Is there a single currency in Asia’s near future? Tharman Shanmugaratnam, Singapore’s Minister for Education and Second Minister for Finance, weighed the prospects for Asian monetary integration in the September 17 Per Jacobsson Foundation lecture and concluded that continuing evolution toward managed floats with inflation targeting, rather than pursuit of the European model, is likely to hold the answer for Asia.
Shanmugaratnam first took stock of trade and financial integration in the region, where intraregional trade already constitutes 50 percent of total trade. And, unlike in Europe, trade integration in Asia has been a bottom-up, supply-driven process linked to the region’s (and, more specifically, China’s) integration with the world economy. Ten years from now—given increased foreign direct investment within Asia, a growing middle class, and development of free trade associations—60 percent of Asian trade will likely be intraregional.
Financial market integration, however, has lagged. Asian financial markets outside Tokyo are small and ill equipped, especially bond markets, and equity markets are less liquid than those in developed markets, causing Asians to look elsewhere to invest. But Shanmugaratnam expressed optimism that several complementary financial hubs may emerge as the region benefits from an easing of capital controls, more flexible exchange rates, and harmonized regulations and improved infrastructure for cross-border trading, clearing, and settlement systems.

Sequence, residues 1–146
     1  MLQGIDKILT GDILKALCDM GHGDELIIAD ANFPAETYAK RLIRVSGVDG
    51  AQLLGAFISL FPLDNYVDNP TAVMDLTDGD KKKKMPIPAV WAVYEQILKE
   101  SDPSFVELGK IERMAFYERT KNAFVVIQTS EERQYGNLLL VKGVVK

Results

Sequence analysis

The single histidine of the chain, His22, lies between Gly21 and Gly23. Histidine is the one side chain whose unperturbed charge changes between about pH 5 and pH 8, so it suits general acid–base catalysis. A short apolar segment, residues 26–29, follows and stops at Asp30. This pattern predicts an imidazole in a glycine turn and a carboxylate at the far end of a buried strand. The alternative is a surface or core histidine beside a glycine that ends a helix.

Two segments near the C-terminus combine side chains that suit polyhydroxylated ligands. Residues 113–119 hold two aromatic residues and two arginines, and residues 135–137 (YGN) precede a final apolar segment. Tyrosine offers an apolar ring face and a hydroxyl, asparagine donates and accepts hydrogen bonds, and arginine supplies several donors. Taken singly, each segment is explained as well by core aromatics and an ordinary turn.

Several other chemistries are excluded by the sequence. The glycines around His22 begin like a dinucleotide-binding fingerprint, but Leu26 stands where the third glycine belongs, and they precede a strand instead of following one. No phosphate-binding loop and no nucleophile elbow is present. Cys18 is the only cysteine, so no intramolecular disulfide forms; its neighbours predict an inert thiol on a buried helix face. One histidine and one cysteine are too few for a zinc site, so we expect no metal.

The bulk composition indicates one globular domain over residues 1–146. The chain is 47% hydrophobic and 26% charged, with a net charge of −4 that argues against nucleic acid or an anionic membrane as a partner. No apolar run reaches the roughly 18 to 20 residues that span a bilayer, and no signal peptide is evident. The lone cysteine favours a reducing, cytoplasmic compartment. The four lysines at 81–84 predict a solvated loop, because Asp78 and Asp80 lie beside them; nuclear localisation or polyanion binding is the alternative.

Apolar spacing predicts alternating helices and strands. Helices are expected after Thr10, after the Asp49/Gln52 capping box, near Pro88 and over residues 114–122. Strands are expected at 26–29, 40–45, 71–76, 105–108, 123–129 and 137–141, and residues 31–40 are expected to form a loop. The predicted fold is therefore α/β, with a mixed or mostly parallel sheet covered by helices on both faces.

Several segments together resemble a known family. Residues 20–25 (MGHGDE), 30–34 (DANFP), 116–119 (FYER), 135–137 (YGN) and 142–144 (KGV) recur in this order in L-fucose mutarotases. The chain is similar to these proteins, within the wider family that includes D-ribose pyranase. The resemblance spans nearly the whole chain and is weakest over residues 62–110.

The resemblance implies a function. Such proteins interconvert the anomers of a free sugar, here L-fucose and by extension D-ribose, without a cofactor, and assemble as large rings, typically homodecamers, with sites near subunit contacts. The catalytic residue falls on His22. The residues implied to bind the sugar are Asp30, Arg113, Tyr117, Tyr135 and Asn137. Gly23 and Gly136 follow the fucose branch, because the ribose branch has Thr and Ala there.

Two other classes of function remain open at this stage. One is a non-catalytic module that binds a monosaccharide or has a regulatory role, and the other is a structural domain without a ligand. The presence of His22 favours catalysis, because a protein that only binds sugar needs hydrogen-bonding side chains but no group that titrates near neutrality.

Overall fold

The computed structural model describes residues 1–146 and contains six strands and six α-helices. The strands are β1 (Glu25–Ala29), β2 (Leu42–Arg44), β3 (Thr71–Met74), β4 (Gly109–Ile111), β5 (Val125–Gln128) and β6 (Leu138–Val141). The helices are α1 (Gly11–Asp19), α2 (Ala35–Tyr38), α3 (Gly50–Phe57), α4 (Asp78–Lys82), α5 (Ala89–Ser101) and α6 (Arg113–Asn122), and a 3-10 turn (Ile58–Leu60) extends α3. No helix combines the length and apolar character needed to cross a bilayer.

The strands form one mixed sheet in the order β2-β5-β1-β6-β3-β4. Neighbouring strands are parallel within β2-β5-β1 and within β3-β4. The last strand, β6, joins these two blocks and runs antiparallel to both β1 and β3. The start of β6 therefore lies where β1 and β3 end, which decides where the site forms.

Alternatives to the European model
Could a common currency or pegging to a common basket foster intraregional trade, investment, and financial flows? In Shanmugaratnam’s view, the European model, which started with trade and moved on to monetary integration, is not appropriate for Asia. He stressed that “Asia’s strength is its diversity.” The continent is diverse in income and economic structures, he said, and “this diversity is what makes intraregional trade so attractive, such a compelling economic proposition. It is also what helps the diversification of financial portfolios across Asia—but it is the same diversity that militates against monetary integration, that raises the costs of monetary integration and the risks of destabilization arising from monetary integration.”
Shanmugaratnam noted that two alternatives that had been proposed each had drawbacks. Asian countries could manage their currencies against a common currency basket, but the transition to this system would be challenging because the loss of independent monetary policy among the diverse economies of the region would likely be destabilizing and because there is no political commitment to union, as there was in Europe. The stresses would risk not only destabilizing monetary integration but also eroding confidence in Asian trade and finance.
The second possibility was a parallel currency— an Asian currency unit (ACU)—that could promote a regional capital market in Asia but not represent monetary integration. It would, however, be a slow process for an ACU to be accepted in the market.
Shanmugaratnam believed the solution lay in a continuation of the evolution already under way: “a shift toward managed floats as the dominant regime in Asia,” together with a movement toward low and stable inflation as the clear objective of monetary policy. This de facto move toward monetary policy coordination “is not a bad way to go,” he observed. It preserves flexibility when required; allows effective exchange rates to diverge over time, reflecting countries’ different rates of productive growth; and retains national ownership of policies and the agenda for change—which is essential for such change to occur.
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